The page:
Saturday, April 27, 2013

Ruminations 48: Preserving Governance in the Passive Age of Mass Democracy--On the Obligations of Citizenship in the "Republic" of the University

In this increasingly democratic age, the specter of hierarchy, conformity and obedience to higher authority is corroding the inner workings of democratic institutions even as its outer manifestations ever more gloriously declare that this is truly the age of the democratically engaged individual.

(Pix (c) Larry Catá Backer 2013)

The university is an exemplar of this outward strengthening and inward corroding of the structures of meaningfully engaged governance in an age of democracy.  I have written about this in other contexts: Larry Catá Backer, Between Faculty, Administration, Board, State, and Students: On the Relevance of a Faculty Senate in the Modern U.S. University (February 10, 2013).

Now come the thoughtful leadership of the Faculty Governance organization of the University of Minnesota that, through its Faculty Consultative Committee has produced a quite thoughtful and valuable reflection on the need for the abandonment of passivity among the citizens of an institution if they mean to preserve their rights to share in the governance of the institution.  This reflection is as important for political theory writ large as it is for the faculty of a university.  It speaks volumes to the cultural movement in democratic states in which the forms of democratic participation are becoming more important as their effective content is being systematically erased. See Democracy Part XXVII--The Utility of Voting in the Shadow of the Administrative State, Law at the End of the Day, July 27, 2012. To avoid form over empty function, action is necessary--as necessary in the university as in the public square.

Reflections on Governance Service

A Statement by the Faculty Consultative Committee to the Faculty

            Both in recent discussions and from time to time over many years, the question of recognition (financial or other) for service by faculty members to their department, college, and at the University level has arisen.  The members of the Faculty Consultative Committee (who self-evidently value service to the institution) offer reflections to their colleagues about service.

            The idea of "service" in an institution such as ours arises from the ancient conception of the university as a self-governing community of scholars.  While modern law recognizes only a corporate structure and vests plenary authority in governing boards, the prevailing ethos and the actual practice of a major research university is that of a democracy where scholars make the important decisions about carrying out the mission.  But the university cannot strive to reach the ideal of the self-governing community of scholars unless some of us participate in decision-making processes at all levels of the university. 

It would be possible to leave all major decisions in the hands of deans and vice presidents and the president and provost.  It is perhaps even likely that many of their decisions would have positive effects for the faculty, the university, and the state.  But it would not be all of them, and even when administrative officers could be seen as moving in the right direction, there are often—usually—nuances of decisions and policy that those in governance can inform them about in order to significantly improve the decisions.   Moreover, the members of the community of scholars have a responsibility to seek changes and decisions that they believe important to the well-being of the university; it is not primarily, or even mostly, the responsibility of the institutional administrators to do so.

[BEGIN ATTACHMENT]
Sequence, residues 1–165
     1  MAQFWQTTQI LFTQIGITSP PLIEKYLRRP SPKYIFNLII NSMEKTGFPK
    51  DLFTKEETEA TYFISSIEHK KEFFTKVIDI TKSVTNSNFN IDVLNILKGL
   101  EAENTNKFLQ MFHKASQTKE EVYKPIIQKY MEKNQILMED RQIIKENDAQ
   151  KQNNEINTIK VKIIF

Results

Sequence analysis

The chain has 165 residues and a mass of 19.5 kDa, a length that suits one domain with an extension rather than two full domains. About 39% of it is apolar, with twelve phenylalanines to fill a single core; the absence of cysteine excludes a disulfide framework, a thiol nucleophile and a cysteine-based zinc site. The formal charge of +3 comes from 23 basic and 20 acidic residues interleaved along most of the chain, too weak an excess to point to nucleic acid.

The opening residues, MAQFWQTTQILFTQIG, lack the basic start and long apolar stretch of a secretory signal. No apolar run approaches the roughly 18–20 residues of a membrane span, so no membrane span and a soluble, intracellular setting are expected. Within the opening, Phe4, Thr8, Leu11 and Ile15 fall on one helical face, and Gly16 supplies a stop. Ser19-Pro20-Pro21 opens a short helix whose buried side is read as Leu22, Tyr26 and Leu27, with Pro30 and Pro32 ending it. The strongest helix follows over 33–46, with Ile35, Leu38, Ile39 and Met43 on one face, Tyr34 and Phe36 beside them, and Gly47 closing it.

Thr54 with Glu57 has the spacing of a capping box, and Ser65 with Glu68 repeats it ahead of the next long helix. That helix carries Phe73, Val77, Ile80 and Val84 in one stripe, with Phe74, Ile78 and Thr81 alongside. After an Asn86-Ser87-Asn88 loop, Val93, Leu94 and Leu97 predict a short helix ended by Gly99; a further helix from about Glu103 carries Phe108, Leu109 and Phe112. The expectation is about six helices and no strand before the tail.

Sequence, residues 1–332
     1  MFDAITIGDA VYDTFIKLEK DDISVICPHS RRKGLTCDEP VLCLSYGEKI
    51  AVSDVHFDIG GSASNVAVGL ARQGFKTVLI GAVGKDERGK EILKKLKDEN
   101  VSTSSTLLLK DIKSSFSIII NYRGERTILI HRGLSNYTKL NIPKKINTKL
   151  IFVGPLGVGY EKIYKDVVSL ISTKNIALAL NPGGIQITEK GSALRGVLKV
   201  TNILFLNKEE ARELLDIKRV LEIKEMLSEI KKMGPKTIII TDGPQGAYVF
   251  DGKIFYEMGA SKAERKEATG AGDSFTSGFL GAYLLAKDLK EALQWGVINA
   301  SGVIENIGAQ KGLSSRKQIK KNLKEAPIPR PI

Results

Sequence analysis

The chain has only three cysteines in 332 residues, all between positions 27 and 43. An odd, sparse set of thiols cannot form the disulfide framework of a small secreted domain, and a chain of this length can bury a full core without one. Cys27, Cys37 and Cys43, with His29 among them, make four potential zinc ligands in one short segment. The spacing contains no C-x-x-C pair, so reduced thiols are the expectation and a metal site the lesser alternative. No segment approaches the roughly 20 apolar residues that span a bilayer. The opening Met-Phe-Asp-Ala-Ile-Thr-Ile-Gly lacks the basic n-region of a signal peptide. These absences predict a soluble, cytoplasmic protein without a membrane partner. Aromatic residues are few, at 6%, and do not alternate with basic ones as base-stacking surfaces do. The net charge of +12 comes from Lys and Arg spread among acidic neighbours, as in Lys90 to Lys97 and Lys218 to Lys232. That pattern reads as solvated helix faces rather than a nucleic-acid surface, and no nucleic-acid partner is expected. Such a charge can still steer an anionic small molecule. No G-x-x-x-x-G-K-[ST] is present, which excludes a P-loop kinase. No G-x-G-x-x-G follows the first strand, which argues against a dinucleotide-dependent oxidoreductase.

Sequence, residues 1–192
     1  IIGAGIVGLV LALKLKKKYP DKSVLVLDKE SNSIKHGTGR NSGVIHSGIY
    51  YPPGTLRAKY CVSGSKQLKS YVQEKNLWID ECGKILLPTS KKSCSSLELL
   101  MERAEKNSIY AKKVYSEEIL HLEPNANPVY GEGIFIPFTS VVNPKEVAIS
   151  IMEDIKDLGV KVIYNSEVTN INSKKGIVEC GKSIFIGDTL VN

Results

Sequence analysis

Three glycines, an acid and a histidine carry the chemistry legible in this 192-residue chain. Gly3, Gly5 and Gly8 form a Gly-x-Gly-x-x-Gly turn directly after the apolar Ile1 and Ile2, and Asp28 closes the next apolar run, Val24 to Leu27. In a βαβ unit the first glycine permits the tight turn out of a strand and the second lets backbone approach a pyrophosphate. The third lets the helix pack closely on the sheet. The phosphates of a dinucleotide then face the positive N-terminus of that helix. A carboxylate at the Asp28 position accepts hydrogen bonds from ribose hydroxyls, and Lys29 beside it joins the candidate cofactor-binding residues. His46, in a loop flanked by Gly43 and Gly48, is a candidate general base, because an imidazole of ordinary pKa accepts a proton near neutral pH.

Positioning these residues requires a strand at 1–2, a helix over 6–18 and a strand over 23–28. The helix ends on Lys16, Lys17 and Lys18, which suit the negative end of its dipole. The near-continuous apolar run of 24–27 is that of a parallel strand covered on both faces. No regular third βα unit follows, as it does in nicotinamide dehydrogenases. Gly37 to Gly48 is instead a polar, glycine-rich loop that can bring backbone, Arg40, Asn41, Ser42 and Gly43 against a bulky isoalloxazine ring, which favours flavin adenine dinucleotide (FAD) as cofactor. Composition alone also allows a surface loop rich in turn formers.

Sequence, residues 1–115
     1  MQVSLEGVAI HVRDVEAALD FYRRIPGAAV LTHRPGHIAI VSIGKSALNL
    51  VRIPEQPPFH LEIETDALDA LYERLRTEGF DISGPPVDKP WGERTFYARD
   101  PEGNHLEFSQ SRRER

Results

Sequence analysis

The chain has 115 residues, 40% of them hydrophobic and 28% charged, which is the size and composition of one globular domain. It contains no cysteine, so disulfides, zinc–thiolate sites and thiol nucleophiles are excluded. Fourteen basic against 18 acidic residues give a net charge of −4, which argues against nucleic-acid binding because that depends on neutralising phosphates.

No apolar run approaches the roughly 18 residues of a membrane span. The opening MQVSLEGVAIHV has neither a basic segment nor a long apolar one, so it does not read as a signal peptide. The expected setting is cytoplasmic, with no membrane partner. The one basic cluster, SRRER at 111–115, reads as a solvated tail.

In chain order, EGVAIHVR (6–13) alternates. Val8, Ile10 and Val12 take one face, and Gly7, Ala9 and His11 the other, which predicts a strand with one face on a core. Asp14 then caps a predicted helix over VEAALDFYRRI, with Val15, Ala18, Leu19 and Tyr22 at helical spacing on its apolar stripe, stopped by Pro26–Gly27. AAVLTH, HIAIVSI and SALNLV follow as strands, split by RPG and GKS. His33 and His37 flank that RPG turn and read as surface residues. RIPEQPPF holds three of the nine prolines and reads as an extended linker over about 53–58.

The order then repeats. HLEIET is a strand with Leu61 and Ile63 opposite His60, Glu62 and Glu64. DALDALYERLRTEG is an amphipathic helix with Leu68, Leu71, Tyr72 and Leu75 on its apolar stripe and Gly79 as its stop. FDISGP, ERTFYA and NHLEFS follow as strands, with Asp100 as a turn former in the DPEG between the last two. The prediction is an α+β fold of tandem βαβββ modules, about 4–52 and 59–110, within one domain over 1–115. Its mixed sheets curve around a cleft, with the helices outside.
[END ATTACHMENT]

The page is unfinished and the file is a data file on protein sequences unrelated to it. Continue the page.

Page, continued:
Some have urged that there be a financial reward or incentive for participation in service in intra-institutional governance service.  While we are sympathetic to that proposition, we believe there are good reasons why an explicit provision of financial incentive for service is most often counter-intuitive to the idea of shared governance.

            First, as we pointed out, one of the obligations of a faculty member in an institution like ours is to participate in its governance.   It is part of the definition of a faculty member that he or she has a role in governance.   There are intrinsic rewards to participation beyond the financial, including having a voice in determining actions taken and, outside the department, the almost-invariably rewarding experience of meeting colleagues from other departments and colleges. 

            Second, as far as we can tell, virtually every department 7.12 statement, required by the Regents' tenure policy, has language that recognizes service.  When decisions about merit and promotion are being made, a department that pays no attention to institutional as well as departmental, collegiate, and disciplinary service does so at the cost of understanding and recognizing how we conduct the university's business.

            We are also concerned that the practice of sheltering probationary faculty members from almost all service responsibilities can be a mistake.  Doing so can give them a distorted view of what it means to be a full-fledged member of the community of scholars, with its attendant obligations.  While we concur that probationary faculty members should not be expected to perform significant levels of service, we believe they should be involved at a level that will not harm their prospects of achieving tenure but that will provide them an understanding of what it means to be a citizen of a major research university.

Faculty Consultative Committee
Adopted unanimously March, 2013

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